medical personnel “from being coerced into accepting eugenic abortion as a consideration for avoiding” lawsuits.More states need to have prohibitions on both wrongful life and wrongful birth lawsuits. Rejecting these suits protects doctors from being coerced into the prenatal seek-and-destroy mentality. It also reinforces the principle that all life has value. The lives of sick or disabled children are just as valuable as those who do not have special needs. State law needs to reflect this reality.
Friday, February 10. 2012
I am beginning to love TED videos. Here is one by Alexander Tsiaras, a mathematician who has used digital animation to visualize human development from conception to birth. He echoes what I have always believed. When I look at DNA or proteins, I see not random events, but Divine design so intricate that our simple constructs cannot come close to understanding the complexity.
Monday, February 6. 2012
The 3-genetic parent embryo is back in the news. This time it is Australia that wants to attempt to genetically engineer a human embryo to have 3 genetic parents.
Why would scientists want to engineer an embryo with the genetic material from 3 people? To "prevent" the inheritance of mitochondrial disease. Not all of our DNA that we inherit is in the nuclei of the egg and sperm that join at fertilization. In the cytoplasm of our mother's egg are mitochondria. Mitochondria have their own DNA called mtDNA. We inherit our mtDNA only from our mother because sperm's mitochondria are dumped at conception. There are genetic mutations that cause disease in mtDNA and a woman with a such a mutation cannot help but pass this mutation on to her children.
This is where the three parent embryos come in. Here is how it works. Scientists took the nucleus out of an embryo had a mutation in its mtDNA and put it into an embryo whose mtDNA was normal, after removing the nucleus of that embryo of course. The result is one embryo with the nuclear DNA from its mother and father and the mtDNA from another embryo and its mother. Confused? Here is a simplified diagram that I made from the one in the Nature paper. (A zygote is the single celled embryo that results from fertilization.)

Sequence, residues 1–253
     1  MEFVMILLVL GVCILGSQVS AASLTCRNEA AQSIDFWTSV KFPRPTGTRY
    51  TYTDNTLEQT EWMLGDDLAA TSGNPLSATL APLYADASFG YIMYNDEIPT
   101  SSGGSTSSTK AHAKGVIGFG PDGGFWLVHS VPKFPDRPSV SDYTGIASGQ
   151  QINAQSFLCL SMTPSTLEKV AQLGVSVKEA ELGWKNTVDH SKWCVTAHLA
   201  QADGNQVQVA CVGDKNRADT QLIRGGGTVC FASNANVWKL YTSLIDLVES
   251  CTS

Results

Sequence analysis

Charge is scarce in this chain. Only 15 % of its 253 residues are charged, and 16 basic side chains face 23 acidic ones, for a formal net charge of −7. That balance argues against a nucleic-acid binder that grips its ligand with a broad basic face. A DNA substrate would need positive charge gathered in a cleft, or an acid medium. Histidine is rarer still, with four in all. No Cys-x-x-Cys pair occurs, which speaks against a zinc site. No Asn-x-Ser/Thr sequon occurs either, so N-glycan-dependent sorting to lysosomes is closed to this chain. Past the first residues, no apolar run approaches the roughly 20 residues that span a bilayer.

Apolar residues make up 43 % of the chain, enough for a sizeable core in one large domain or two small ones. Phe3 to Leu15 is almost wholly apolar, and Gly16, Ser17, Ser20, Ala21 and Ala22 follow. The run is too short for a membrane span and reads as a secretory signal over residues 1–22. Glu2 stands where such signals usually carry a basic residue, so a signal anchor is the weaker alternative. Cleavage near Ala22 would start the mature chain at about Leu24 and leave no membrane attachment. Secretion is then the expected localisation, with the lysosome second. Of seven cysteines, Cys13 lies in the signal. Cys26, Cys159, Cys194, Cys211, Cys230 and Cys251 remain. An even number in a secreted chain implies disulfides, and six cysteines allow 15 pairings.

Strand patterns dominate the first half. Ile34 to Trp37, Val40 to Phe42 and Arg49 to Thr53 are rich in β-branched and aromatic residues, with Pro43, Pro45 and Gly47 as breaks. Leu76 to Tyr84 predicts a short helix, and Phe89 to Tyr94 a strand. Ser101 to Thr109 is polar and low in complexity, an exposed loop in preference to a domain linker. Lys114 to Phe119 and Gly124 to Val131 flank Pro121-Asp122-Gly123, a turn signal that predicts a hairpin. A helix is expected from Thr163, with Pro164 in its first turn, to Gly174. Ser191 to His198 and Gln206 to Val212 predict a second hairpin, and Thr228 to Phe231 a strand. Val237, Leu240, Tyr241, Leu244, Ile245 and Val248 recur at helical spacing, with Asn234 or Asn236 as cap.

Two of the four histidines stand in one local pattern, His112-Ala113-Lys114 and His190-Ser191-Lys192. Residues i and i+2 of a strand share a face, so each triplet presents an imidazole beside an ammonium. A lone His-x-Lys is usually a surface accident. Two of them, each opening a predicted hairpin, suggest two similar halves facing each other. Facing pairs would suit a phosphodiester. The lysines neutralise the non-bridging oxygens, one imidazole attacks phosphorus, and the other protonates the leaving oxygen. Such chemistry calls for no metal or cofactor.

So scientists created 2 embryos with IVF, destroyed one human embryo by removing its nuclear DNA and added the DNA from the other human embryo to make a third recombinant embryo with the mtDNA from one woman and the nuclear DNA from another woman and a man.
In Australia it is now illegal to transfer embryos created by techniques other than the fertilization of a human egg with human sperm into a womb. That law is there to prevent scientists from cloning embryos or genetically engineering embryos with extra human or animal DNA and then gestating them to see what happens. And just as in the UK, which has a similar law, Australian scientists are calling for an exception to this law to allow this 3 parent technique to move forward.
And while curing genetic disease with gene therapy is a laudable goal, the Catholic Church teaching is clear that this is not the way to do it. We cannot sacrifice two embryos to make a healthy third. We Catholics could embrace such a genetic therapy to cure mitochondrial disease if life did not need to be created, manipulated and destroyed in a dish. When the day comes that we can fix this without creating and destroying life in a lab, we Catholics can jump on that genetic engineering train.
And with the announcement that with DNA sequencing, mitochondrial diseases can now be easily identified and diagnosed, it is imperative that we object to this approach to "curing" mitochondrial disease. We must insist that researchers look into alternative ways like somatic gene therapy to help those with mitochondrial disease now and not just focus on making sure no one with mitochondrial disease is born.